."What does being French mean?" asks Ghesquiere. "It is the idea of elegance and of having the arrogance to want to change a woman's silhouette. It is of being slightly contentious, a question of culture — an understanding of certain rules."
.The French have had a reputation for navel gazing, while his generation is more open. Open, indeed, to showing the navel, when an ultra-refined patchwork of Indian, Liberty floral and brocade fabrics was worked with couture skills on a dress in the new collection that is as light in weight and spirit as its construction is complicated. The same is true of washed-silk and corduroy pants, originally inspired by judo but raised to the ultimate level of luxury and refinement.
.Ghesquiere says that he "really, really wanted to stay at Balenciaga" and is extremely happy about his association with Tom Ford and Gucci Group. But he can perhaps expect a few fireworks, when he unveils his concept for Balenciaga stores that Gucci plans to open in capital cities. Ghesquiere is planning to take on the current concept of branding and do it his way.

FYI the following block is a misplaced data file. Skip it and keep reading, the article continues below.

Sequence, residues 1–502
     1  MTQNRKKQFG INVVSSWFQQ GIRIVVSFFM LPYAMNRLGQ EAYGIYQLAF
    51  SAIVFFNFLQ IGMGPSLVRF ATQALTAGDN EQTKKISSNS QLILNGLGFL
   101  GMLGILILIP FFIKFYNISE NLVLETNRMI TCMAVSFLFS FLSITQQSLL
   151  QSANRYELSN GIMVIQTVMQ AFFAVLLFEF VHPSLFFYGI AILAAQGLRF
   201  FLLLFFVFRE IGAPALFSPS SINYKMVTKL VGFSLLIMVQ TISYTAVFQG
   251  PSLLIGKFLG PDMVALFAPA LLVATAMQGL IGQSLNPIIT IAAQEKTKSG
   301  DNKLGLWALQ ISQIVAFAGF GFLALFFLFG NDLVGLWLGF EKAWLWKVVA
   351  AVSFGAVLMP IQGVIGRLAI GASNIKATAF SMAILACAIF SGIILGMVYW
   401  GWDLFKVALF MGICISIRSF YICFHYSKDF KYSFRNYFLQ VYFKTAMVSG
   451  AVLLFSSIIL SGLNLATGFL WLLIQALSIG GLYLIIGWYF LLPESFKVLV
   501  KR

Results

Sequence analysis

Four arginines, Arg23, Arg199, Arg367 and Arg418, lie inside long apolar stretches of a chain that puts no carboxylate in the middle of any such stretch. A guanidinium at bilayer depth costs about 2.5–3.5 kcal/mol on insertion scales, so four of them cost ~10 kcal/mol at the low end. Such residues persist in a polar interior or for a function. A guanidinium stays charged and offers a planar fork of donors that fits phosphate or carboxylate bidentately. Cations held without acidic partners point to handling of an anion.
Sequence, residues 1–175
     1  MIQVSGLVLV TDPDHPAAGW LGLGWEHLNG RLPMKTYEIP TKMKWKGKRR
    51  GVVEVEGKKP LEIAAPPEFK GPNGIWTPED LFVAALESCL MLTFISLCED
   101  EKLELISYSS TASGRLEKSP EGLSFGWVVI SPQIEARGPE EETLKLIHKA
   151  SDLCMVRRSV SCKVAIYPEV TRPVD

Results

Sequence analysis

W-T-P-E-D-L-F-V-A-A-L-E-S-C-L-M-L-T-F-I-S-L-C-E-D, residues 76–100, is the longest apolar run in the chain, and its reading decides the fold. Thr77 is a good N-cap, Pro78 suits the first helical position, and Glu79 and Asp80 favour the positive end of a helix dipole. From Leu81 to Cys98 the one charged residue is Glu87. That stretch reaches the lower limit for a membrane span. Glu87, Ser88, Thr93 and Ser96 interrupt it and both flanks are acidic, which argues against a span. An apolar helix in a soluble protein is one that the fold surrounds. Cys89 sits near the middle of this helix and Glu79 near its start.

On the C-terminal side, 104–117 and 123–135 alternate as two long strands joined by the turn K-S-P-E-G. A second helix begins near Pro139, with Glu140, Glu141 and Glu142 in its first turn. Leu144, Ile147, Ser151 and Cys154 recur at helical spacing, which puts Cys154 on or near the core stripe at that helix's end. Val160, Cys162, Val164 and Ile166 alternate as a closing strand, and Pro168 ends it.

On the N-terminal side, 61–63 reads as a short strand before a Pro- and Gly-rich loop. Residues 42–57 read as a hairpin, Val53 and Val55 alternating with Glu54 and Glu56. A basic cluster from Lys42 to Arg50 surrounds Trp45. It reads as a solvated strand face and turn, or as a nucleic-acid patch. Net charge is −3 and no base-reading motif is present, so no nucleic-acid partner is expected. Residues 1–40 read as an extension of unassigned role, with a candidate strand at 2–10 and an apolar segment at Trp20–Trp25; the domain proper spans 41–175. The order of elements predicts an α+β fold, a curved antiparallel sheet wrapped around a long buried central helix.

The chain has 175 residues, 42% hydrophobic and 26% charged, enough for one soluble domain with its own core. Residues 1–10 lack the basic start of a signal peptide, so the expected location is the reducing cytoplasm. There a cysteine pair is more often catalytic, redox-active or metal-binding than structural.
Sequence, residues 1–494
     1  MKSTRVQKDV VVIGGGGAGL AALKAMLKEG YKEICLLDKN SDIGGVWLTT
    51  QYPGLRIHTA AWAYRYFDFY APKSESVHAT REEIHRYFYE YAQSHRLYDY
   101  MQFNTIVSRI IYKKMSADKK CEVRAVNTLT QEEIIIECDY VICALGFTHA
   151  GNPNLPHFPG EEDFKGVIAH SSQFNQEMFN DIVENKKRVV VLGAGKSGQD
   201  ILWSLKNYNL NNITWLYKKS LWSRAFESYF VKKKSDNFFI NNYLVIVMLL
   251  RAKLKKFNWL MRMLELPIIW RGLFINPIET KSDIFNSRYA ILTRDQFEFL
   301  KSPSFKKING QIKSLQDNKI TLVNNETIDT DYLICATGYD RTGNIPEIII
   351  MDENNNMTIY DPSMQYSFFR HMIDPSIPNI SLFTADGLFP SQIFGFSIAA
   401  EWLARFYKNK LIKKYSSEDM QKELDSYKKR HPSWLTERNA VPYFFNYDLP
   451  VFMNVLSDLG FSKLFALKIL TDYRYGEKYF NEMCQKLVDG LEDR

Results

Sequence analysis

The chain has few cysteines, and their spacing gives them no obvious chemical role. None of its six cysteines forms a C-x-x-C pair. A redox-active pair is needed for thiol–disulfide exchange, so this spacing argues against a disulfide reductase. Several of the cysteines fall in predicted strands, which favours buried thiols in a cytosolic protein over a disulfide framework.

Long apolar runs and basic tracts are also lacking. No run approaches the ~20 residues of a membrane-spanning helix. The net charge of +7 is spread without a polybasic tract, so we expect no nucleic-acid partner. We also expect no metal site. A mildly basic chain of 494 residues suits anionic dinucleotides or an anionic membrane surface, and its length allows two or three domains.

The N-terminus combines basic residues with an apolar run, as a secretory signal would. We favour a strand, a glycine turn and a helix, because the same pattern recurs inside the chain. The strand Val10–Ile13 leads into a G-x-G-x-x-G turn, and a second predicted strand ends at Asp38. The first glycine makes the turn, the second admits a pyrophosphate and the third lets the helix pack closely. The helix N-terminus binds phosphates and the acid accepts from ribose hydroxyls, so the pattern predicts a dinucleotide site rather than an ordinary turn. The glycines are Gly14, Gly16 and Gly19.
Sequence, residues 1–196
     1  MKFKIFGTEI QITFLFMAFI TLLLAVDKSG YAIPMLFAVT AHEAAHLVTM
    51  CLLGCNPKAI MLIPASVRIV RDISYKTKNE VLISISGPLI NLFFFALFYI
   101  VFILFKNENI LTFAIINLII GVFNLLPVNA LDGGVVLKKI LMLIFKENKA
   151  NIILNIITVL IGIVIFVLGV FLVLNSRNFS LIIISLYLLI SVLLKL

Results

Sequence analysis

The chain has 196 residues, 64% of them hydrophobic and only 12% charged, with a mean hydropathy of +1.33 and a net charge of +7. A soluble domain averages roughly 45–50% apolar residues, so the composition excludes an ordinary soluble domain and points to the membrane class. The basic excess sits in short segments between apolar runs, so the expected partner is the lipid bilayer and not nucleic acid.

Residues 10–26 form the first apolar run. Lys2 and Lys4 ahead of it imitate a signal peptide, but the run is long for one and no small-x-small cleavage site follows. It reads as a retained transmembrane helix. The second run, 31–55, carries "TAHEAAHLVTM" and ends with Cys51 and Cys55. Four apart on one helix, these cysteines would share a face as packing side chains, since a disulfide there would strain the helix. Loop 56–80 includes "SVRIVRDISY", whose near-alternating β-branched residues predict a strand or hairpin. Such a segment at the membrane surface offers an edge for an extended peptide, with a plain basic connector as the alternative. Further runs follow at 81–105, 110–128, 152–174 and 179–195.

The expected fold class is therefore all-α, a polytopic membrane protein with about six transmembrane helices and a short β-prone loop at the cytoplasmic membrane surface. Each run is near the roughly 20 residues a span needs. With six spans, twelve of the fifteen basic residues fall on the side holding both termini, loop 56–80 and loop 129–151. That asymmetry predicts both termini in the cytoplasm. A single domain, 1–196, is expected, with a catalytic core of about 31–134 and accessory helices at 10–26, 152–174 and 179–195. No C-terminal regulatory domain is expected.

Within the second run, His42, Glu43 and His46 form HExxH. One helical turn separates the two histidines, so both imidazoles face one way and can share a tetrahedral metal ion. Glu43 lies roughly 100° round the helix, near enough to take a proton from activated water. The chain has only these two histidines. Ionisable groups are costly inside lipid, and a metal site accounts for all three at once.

."I want the opposite of a shop where each branch looks the same around the world — the opposite of the Group's idea," he says, explaining that a planned Paris store should be distinct from one on New York's Madison Avenue, and that should also be different from Chelsea in Manhattan.
.Ghesquiere is searching for a new workspace that will house his enthusiastic young team, the eclectic archive of flea market finds and the models of all his previous collections. What about Cristobal Balenciaga's own archive of 600 outfits stashed in a locked room?
."The most important thing," says Ghesquiere, "is to be able to look at them — and then to forget them as soon as possible."